1. Fakhri, E.; Eslami, H.; Maroufi, P.; Pakdel, F.; Taghizadeh, S.; Ganbarov, K.; Yousefi, M.; Tanomandf, A.; Yousefi, B.; Mahmoudi, S.; et al. Chitosan biomaterials application in dentistry. Int. J. Biol. Macromol. 2020, 162, 956–974. [Google Scholar] [CrossRef] [PubMed]
  2. Mehrabani, M.G.; Karimian, R.; Mehramouz, B.; Rahimi, M.; Kafil, H.S. Preparation of biocompatible and biodegradable silk fibroin/chitin/silver nanoparticles 3D scaffolds as a bandage for antimicrobial wound dressing. Int. J. Biol. Macromol. 2018, 114, 961–971. [Google Scholar] [CrossRef]
  3. Chan, B.; Leong, K. Scaffolding in tissue engineering: General approaches and tissue specific considerations. Eur. Spine J. 2008, 17, 467–479. [Google Scholar] [CrossRef] [PubMed]
  4. Cross, L.M.; Thakur, A.; Jalili, N.A.; Detamore, M.; Gaharwar, A.K. Nanoengineered biomaterials for repair and regeneration of orthopedic tissue interfaces. Acta Biomater. 2016, 42, 2–17. [Google Scholar] [CrossRef] [PubMed]
  5. Liang, J.; Peng, X.; Zhou, X.; Zou, J.; Cheng, L. Emerging Applications of Drug Delivery Systems in Oral Infectious Diseases Prevention and Treatment. Molecules 2020, 25, 516. [Google Scholar] [CrossRef]
  6. Qin, Y.; Li, P. Antimicrobial chitosan conjugates: Current synthetic strategies and potential applications. Int. J. Mol. Sci. 2020, 21, 499. [Google Scholar] [CrossRef]
  7. Salem, R.M.; Zhang, C.; Chou, L. Effect of Magnesium on Dentinogenesis of Human Dental Pulp Cells. Int. J. Biomater. 2021, 2021, 6567455. [Google Scholar] [CrossRef]
  8. Sharifianjazi, F.; Khaksar, S.; Esmaeilkhanian, A.; Bazli, L.; Eskandarinezhad, S.; Salahshour, P.; Sadeghi, F.; Rostamnia, S.; Vahdat, S.M. Advancements in Fabrication and Application of Chitosan Composites in Implants and Dentistry: A Review. Biomolecules 2022, 12, 155. [Google Scholar] [CrossRef]
  9. Gupta, A.; Pratt, R.; Mishra, B. Physicochemical characterization of ferric pyrophosphate citrate. Biometals 2018, 31, 1091–1099. [Google Scholar] [CrossRef]
  10. Subramaniyan, S.; Kamaraj, Y.; Kumaresan, V.; Kannaiyan, M.; David, E.; Ranganathan, B.; Selvaraj, V.; Balupillai, A. Green synthesized zinc oxide nanoparticles induce apoptosis by suppressing PI3K/Akt/mTOR signaling pathway in osteosarcoma MG63 cells. Glob. Transl. Med. 2022, 1, 34. [Google Scholar] [CrossRef]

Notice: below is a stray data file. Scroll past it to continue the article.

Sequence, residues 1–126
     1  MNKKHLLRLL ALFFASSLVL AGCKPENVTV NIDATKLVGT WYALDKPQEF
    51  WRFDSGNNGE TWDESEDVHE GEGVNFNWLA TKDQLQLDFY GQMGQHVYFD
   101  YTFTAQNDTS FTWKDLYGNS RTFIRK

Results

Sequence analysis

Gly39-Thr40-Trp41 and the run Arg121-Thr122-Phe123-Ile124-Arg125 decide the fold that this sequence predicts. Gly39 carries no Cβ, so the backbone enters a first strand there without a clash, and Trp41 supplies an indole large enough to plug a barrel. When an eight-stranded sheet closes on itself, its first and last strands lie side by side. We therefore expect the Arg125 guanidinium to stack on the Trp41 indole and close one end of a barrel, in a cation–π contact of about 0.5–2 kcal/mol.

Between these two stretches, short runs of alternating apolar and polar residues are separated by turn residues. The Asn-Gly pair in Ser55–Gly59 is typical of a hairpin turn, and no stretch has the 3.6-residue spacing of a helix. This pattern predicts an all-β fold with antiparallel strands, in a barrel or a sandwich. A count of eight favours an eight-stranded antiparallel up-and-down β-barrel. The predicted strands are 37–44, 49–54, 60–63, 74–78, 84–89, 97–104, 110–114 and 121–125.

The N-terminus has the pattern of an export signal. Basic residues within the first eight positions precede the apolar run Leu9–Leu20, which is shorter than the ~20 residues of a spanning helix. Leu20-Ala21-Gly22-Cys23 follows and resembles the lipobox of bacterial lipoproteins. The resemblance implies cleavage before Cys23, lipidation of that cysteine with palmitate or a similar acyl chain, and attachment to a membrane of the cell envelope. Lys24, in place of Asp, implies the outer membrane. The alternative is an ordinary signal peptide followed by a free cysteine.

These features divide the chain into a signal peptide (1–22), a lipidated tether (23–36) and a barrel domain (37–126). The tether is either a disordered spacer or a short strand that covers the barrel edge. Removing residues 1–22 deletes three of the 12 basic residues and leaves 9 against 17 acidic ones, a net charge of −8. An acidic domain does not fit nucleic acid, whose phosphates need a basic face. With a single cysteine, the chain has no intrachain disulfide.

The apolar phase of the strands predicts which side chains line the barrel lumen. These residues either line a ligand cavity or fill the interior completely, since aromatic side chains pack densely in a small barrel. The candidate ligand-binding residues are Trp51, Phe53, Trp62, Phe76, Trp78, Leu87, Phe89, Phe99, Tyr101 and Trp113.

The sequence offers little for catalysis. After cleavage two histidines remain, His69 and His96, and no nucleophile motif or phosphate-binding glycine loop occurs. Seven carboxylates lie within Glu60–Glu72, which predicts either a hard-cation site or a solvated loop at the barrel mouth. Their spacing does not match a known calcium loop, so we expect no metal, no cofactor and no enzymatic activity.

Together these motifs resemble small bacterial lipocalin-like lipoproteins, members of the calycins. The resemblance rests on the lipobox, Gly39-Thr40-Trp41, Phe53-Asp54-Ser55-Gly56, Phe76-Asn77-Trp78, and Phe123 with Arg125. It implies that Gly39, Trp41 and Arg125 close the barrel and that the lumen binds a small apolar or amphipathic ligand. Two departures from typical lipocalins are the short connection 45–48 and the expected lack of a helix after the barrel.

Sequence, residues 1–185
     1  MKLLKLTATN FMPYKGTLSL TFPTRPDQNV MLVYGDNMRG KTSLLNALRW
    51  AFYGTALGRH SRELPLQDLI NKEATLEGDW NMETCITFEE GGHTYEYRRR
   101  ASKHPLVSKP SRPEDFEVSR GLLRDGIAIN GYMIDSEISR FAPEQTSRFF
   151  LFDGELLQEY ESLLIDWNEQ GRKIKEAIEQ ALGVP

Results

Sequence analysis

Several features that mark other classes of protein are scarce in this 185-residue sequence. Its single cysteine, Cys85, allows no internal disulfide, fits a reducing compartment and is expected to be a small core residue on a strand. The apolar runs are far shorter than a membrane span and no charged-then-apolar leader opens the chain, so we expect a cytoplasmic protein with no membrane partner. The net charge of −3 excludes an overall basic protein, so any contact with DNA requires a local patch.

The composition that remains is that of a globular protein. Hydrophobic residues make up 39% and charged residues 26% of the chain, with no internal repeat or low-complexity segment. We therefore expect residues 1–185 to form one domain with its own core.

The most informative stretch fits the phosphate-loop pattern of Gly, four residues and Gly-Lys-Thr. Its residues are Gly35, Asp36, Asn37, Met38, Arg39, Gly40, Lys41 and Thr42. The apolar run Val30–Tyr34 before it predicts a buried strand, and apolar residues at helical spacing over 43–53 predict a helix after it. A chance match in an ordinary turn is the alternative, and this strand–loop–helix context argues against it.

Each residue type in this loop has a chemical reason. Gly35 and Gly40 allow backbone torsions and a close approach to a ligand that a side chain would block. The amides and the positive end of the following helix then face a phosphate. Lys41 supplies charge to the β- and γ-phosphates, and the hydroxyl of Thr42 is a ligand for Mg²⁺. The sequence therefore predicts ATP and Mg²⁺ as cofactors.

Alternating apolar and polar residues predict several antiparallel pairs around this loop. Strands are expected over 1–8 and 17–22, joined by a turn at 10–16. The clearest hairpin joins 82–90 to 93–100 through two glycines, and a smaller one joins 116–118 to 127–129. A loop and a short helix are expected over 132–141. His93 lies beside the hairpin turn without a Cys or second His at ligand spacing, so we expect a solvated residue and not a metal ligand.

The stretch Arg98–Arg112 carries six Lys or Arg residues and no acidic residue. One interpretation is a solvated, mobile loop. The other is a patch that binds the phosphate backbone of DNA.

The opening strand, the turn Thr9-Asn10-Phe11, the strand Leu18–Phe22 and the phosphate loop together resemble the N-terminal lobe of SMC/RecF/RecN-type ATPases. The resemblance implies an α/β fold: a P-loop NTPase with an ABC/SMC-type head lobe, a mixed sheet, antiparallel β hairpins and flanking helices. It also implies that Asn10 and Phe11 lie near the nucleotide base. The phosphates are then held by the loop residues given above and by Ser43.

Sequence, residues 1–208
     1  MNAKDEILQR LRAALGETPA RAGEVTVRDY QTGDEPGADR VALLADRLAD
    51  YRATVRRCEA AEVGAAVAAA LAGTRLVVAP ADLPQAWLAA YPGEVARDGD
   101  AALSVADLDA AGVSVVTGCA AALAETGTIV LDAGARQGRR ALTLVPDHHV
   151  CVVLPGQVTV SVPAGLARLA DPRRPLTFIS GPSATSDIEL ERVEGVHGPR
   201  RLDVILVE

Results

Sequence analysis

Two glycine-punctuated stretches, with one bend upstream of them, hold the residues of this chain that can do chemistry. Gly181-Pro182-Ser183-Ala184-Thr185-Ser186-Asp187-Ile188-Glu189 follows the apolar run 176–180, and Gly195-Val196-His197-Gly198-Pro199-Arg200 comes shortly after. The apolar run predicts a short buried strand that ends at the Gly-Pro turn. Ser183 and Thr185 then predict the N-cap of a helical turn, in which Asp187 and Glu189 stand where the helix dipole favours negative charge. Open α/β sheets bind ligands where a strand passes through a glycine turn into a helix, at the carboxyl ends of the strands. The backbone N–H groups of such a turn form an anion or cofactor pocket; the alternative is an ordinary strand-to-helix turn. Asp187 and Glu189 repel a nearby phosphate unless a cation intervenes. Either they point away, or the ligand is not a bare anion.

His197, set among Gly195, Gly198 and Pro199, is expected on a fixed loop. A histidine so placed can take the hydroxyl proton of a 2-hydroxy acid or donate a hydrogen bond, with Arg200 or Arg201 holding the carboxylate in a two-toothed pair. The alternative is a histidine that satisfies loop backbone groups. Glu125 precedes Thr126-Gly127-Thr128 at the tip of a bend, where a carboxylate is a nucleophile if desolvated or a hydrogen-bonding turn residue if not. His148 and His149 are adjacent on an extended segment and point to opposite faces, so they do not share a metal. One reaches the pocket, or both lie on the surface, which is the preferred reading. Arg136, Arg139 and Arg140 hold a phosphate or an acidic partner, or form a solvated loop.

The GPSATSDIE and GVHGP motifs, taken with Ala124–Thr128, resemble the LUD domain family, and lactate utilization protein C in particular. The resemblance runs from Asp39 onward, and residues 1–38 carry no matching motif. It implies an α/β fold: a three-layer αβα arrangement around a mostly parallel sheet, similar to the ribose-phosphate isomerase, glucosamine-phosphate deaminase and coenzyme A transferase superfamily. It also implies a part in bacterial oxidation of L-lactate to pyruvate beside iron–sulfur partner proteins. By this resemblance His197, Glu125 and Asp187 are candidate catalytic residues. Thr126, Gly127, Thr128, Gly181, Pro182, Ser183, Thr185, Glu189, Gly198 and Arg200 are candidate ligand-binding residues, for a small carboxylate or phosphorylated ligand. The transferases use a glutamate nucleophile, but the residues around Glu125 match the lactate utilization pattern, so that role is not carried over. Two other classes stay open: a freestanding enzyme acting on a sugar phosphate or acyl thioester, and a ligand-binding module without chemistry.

11. Karahan, M.; Karahan, N.; Ozkan, F.; Yildirim, K. Characterization of Natural Reinforcements and their Composites. J. Compos. Biodegrad. Polym. 2021, 9, 17–34. [Google Scholar] [CrossRef]
  12. Gosain, A.K.; Plastic Surgery Eductional Foundation DATA Committee. Biomaterials for reconstruction of the cranial vault. Plast. Reconstr. Surg. 2005, 116, 663–666. [Google Scholar] [CrossRef] [PubMed]
  13. Ozawa, T.; Mickle, D.A.; Weisel, R.D.; Koyama, N.; Ozawa, S.; Li, R.-K. Optimal biomaterial for creation of autologous cardiac grafts. Circulation 2002, 106, I-176–I-182. [Google Scholar] [CrossRef]
  14. Zafar, M.S.; Alnazzawi, A.A.; Alrahabi, M.; Fareed, M.A.; Najeeb, S.; Khurshid, Z. Nanotechnology and nanomaterials in dentistry. In Advanced Dental Biomaterials; Woodhead Publishing: Sawston, UK, 2019; pp. 477–505. [Google Scholar]
  15. Vallet-Regi, M.; González-Calbet, J.M. Calcium phosphates as substitution of bone tissues. Prog. Solid State Chem. 2004, 32, 1–31. [Google Scholar] [CrossRef]
  16. Siddiqui, N.; Madala, S.; Parcha, S.R.; Mallick, S.P. Osteogenic differentiation ability of human mesenchymal stem cells on Chitosan/Poly(Caprolactone)/nano beta Tricalcium Phosphate composite scaffolds. Biomed. Phys. Eng. Express 2020, 6, 015018. [Google Scholar] [CrossRef] [PubMed]
  17. Joshy, M.A.; Kolanthai, E.; Kumar, V.S.; Sindu, P.A.; Asokan, K.; Kalkura, S.N. Investigations on the effect of swift heavy silicon ion irradiation on hydroxyapatite. Mater. Today Proc. 2021, 28, 802–811. [Google Scholar] [CrossRef]
  18. Abutalib, M.M.; Yahia, I.S. Novel and facile microwave-assisted synthesis of Mo-doped hydroxyapatite nanorods: Characterization, gamma absorption coefficient, and bioactivity. Mater. Sci. Eng. C 2017, 78, 1093–1100. [Google Scholar] [CrossRef]
  19. Li, Z.; Chu, D.; Gao, Y.; Jin, L.; Zhang, X.; Cui, W.; Li, J. Biomimicry, biomineralization, and bioregeneration of bone using advanced three-dimensional fi-brous hydroxyapatite scaffold. Mater. Today Adv. 2019, 3, 100014. [Google Scholar] [CrossRef]
  20. Nesseri, E.; Boyatzis, S.C.; Boukos, N.; Panagiaris, G. Optimizing the biomimetic synthesis of hydroxyapatite for the consolidation of bone using diammonium phosphate, simulated body fluid, and gelatin. SN Appl. Sci. 2020, 2, 1892. [Google Scholar] [CrossRef]